New York Magazine

Skip to content, or skip to search.

Skip to content, or skip to search.

A Stranger’s Touch

Driven by a wave of cheap labor, the spa industry has expanded dramatically, transforming what were once luxuries into social imperatives for a growing number of women. But what kind of work is this?

ShareThis

Photographs by Elinor Carucci  

I’m high on a table, wrapped in a white robe, my eyes covered by—I’m not sure what. A mask? Cucumber slices? Around me, I hear sounds: dripping water, metal instruments, and music of the kind that plays in every spa, faintly Indian, or possibly Enya, something with flutes. And then there is a white light, a puff of cold air, thick cream massaged into my cheeks, the prickle of the zapper as the facialist attacks my pores.

The first time I got a pedicure, I felt something similar: physical vulnerability, mingled with a lurid awareness of power—an Asian woman who didn’t speak English was kneeling in front of me, washing my feet. It felt distinctly slave and master. But that’s only true the first time you have a treatment like this. Pay once, twice, three times, and the aura of exploitation dissolves, and with it, the contradictions implicit in getting a massage, or a waxing, or a mud wrap: You’re naked, but nothing explicitly sexual is going on; the touch is intimate, but the toucher is a stranger. The name she tells you may not be her real name. What’s happening is not medical, though the props that surround you—the glass jar of blue fluid, the hygienic oven—encourage that illusion. And yet you are in charge: You’re the customer.

Spa treatments are marketed to women as luxuries, like high-end chocolate; as something healthy, like a workout; or perhaps as spiritual transformation, one ending with a glow and a lot less hair. But what flashes into my mind as I’m lying under the facialist’s care is the image of a slumber party, those light-as-a-feather, stiff-as-a-board trust games teenage girls play. How peculiar, then, to recognize that this ritualistic grooming—that potent, mutual currency of female friendship—has alchemized into an industry, reproducing that experience as an economic exchange between strangers, each hour, every 15, 30, 60, 90 minutes, on the clock.

It’s a new service economy, one enabled by the same wave of immigrant labor that has made cheap takeout so ubiquitous in Manhattan. And while this caste of manicurists, aestheticians, waxers, and massage therapists varies in their experience and background, their skills have become the invisible engine of New York femininity, making indispensable a new type of labor: a gift for decoration, for intimacy, for tasks that are at their best highly emotional, at their worst shriekingly mechanized, and sometimes both at once.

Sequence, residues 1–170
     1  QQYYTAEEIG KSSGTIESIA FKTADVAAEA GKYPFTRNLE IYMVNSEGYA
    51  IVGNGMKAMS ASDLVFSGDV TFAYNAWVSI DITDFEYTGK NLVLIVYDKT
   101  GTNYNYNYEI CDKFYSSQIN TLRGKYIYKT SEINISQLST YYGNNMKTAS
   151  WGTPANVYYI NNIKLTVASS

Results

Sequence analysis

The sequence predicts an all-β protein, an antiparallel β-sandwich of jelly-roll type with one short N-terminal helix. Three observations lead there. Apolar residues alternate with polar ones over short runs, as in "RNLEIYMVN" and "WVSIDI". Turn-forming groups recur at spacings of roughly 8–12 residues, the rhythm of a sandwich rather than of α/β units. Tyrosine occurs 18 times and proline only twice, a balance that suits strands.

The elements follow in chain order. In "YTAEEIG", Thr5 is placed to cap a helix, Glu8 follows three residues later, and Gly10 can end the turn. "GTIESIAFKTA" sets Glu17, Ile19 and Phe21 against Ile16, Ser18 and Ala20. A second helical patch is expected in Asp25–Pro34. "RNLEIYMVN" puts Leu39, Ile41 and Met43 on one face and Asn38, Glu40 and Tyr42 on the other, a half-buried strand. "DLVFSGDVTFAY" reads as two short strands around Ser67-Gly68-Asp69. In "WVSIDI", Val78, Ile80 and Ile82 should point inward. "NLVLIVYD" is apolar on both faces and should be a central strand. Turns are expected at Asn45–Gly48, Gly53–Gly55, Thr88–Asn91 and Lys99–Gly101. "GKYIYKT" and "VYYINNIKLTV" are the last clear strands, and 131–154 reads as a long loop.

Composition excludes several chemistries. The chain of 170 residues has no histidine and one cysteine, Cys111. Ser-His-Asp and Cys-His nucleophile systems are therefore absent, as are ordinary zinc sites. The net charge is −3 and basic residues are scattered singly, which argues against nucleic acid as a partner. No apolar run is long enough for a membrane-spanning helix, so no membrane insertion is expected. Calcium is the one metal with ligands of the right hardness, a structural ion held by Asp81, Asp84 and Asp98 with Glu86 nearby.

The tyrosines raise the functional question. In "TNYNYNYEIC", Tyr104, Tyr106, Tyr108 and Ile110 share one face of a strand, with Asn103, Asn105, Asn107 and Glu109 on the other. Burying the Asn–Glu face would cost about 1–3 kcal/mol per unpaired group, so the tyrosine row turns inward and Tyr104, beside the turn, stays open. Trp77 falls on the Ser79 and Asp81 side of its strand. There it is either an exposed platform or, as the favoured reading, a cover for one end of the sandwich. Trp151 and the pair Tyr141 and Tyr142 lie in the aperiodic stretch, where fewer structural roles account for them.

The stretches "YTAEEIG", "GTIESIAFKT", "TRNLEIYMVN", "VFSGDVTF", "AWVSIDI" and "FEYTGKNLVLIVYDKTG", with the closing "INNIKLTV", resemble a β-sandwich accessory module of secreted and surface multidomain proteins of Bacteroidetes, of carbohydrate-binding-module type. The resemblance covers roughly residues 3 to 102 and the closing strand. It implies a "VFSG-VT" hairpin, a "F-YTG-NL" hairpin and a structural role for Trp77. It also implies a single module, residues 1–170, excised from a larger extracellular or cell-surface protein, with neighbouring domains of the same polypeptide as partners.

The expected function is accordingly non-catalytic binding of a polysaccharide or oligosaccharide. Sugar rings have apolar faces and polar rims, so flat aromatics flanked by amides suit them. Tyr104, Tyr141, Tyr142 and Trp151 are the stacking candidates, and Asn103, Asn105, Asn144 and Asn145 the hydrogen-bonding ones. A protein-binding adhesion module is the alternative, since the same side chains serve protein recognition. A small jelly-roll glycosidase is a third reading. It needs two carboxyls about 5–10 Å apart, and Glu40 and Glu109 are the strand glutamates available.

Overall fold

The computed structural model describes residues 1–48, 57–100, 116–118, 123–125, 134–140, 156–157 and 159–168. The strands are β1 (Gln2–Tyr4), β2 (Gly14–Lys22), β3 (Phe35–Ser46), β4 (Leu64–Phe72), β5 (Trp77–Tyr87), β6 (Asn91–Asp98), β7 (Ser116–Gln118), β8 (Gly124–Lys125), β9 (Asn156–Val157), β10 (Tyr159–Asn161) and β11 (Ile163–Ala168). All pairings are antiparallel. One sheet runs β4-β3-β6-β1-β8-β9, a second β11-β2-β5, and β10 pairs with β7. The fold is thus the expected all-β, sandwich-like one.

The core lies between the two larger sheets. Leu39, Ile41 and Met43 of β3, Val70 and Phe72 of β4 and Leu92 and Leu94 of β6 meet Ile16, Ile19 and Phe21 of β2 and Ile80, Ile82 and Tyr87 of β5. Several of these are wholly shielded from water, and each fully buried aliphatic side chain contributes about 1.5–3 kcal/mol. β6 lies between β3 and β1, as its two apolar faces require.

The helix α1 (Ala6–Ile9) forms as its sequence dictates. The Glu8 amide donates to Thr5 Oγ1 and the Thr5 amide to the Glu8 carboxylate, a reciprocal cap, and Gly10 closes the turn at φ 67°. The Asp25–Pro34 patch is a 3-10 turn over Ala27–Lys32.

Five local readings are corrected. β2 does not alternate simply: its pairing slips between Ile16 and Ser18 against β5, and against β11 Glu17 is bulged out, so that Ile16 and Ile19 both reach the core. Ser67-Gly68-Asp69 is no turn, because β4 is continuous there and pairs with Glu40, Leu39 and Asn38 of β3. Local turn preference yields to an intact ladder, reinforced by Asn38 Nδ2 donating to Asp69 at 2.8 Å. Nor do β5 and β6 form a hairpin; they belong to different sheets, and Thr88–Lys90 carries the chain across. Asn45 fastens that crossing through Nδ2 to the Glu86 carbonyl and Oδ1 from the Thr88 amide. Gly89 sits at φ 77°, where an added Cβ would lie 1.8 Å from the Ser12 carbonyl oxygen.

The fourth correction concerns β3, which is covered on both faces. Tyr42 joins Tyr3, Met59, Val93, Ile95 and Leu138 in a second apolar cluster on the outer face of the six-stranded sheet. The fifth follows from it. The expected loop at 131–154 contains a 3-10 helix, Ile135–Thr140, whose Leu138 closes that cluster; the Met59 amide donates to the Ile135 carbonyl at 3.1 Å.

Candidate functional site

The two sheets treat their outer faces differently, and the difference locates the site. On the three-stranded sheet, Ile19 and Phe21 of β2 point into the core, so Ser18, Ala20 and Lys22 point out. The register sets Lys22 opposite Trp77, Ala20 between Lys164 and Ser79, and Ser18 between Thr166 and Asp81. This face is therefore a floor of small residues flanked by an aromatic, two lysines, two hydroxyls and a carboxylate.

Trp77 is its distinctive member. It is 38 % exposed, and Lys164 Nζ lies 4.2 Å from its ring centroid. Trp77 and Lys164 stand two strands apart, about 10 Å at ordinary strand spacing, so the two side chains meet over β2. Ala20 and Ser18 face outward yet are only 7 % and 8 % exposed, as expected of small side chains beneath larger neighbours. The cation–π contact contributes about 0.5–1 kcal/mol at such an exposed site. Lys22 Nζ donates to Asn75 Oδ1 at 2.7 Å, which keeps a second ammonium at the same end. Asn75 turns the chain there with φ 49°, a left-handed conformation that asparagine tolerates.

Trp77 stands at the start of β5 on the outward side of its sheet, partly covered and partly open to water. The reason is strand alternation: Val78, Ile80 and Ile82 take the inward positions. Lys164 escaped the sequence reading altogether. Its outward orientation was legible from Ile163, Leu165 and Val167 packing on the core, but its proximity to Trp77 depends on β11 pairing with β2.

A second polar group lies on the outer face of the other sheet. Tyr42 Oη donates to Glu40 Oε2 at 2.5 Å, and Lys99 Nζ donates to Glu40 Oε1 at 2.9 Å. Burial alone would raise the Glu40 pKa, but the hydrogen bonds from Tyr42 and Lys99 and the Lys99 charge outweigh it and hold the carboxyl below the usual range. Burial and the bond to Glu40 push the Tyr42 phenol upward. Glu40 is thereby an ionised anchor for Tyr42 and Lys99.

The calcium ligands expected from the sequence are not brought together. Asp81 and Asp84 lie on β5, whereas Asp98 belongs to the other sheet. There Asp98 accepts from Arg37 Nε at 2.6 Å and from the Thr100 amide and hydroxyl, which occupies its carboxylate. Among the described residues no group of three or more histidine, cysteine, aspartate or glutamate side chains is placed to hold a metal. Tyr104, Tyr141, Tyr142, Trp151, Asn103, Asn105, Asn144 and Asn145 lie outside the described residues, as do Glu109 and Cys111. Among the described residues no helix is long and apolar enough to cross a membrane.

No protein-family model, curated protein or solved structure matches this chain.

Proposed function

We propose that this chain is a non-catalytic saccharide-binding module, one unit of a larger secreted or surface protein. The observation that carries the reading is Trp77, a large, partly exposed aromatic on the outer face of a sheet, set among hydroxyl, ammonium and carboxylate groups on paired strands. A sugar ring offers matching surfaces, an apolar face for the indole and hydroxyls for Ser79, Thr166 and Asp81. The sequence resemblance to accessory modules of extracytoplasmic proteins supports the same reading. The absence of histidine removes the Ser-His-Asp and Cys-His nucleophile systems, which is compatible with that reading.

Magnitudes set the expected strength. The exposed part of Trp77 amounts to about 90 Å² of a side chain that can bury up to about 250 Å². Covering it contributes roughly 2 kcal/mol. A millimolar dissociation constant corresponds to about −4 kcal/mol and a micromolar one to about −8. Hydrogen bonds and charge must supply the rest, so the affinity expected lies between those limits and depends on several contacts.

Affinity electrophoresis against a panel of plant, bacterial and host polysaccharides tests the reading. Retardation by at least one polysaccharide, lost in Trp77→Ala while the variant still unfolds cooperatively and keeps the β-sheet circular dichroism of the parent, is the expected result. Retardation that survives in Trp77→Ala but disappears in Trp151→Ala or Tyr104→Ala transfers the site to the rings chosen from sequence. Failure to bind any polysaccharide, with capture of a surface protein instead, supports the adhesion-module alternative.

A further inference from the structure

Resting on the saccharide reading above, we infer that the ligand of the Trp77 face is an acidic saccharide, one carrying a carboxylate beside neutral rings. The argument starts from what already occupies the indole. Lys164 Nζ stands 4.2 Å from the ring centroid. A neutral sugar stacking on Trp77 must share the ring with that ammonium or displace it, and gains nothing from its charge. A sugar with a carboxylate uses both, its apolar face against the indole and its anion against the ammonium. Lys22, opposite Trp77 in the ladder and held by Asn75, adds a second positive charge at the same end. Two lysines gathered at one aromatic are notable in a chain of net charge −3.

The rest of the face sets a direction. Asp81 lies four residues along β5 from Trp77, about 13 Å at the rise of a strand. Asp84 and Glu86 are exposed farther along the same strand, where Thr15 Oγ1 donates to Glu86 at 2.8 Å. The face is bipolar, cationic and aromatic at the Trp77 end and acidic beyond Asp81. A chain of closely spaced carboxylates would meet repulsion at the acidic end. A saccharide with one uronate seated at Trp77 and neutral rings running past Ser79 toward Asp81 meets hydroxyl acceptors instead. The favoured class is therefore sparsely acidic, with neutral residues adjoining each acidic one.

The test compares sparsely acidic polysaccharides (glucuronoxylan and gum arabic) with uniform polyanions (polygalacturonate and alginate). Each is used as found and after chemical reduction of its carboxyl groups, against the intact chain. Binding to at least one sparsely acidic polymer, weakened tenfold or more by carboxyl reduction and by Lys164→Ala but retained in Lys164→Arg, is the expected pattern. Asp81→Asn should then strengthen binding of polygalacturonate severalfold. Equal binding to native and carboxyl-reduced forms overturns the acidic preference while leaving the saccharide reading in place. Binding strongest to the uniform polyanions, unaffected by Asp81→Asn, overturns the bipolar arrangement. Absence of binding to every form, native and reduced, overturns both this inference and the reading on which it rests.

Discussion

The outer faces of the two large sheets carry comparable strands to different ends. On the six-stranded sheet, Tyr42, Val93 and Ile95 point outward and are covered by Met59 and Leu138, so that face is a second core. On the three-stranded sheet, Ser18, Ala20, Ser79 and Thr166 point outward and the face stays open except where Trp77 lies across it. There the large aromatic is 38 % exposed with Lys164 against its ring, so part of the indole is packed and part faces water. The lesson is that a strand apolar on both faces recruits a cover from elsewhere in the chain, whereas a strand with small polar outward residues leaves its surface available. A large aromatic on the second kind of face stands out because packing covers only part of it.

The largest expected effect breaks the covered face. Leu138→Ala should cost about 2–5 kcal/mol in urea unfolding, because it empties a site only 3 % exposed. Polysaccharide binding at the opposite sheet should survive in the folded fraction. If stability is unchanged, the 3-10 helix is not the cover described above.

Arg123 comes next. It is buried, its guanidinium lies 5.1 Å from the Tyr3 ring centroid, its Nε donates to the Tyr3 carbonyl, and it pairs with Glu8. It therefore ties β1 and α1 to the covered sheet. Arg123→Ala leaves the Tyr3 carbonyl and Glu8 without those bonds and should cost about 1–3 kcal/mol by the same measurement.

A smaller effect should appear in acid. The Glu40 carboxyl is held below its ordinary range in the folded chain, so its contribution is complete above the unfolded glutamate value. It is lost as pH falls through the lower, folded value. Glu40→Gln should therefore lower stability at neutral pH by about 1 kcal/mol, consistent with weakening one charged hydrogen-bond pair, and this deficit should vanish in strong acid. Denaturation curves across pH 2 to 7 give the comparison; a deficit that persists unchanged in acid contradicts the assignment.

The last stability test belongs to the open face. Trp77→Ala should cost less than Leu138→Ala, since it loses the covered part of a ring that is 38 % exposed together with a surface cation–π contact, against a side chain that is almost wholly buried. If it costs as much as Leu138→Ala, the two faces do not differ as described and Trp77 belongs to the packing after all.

Three days later, I meet my facialist, Francesca Kim, at a Starbucks in Chelsea. At the salon, Kim is a soothing presence, explaining each step of the process, but sitting across the table she strikes me as deadpan, with a sardonic eye for the contradictions of her industry. Her family emigrated from Korea to New Jersey when she was 16, she tells me, and she became an aesthetician on a whim, when she won free tuition as the door prize at a local beauty school’s open house.

In more than a decade doing skin care, Kim’s witnessed the industry’s weedlike growth; her current employer in Tribeca has competition on each block, from the tanning joint with its bubble-gum-pink display to the Delluva Vinotherapy Day Spa, where you can dunk into a $120 “TheraVine Barrel Bath” with grape-seed oil. Such density in a high-rent area means constant price wars for owners, which has only sharpened the tension between a customer’s desire for relaxation and the pressured environment for workers. “The frustrating thing is that every single time the owners pay you, they come up with a different rule,” Kim explains.

In her current gig, she began at an hourly rate of $10 to $12—the industry maximum, she tells me—plus commission for each treatment she does for a client. But without notice, the owners started removing the hourly rate from treatment slots. Sometimes the commission was 40 percent of the treatment price, sometimes 25 percent. It varies irregularly, though the more expensive the procedure, the lower her cut (tips make up 20 percent of her income). The schedule can be maddening, since employees are penalized (and get lower tips) if customers feel rushed, and yet a treatment is paid out as an hour, even if it actually requires twenty more minutes for the client to change. “Women walking in are looking for relaxation, they want to get out from under the hustling,” Kim worries. “But it’s manufactured—someone is going to be chasing you.” Then there is the vexing issue of unpaid overtime and the fact that workers get no health benefits or worker’s comp; for non-English-speaking immigrants, conditions can be far grimmer, with “trial periods” of work, sometimes for no pay at all. Kim commands higher rates, but adds, “If you don’t speak English, they’re going to go down”—below minimum wage, to $50 a day (plus the lower tips that accompany cheaper treatments), with eleven-hour days, no breaks, and, for nail-workers, exposure to toxic manicure products.


Advertising
Current Issue
Subscribe to New York
Subscribe

Give a Gift

Advertising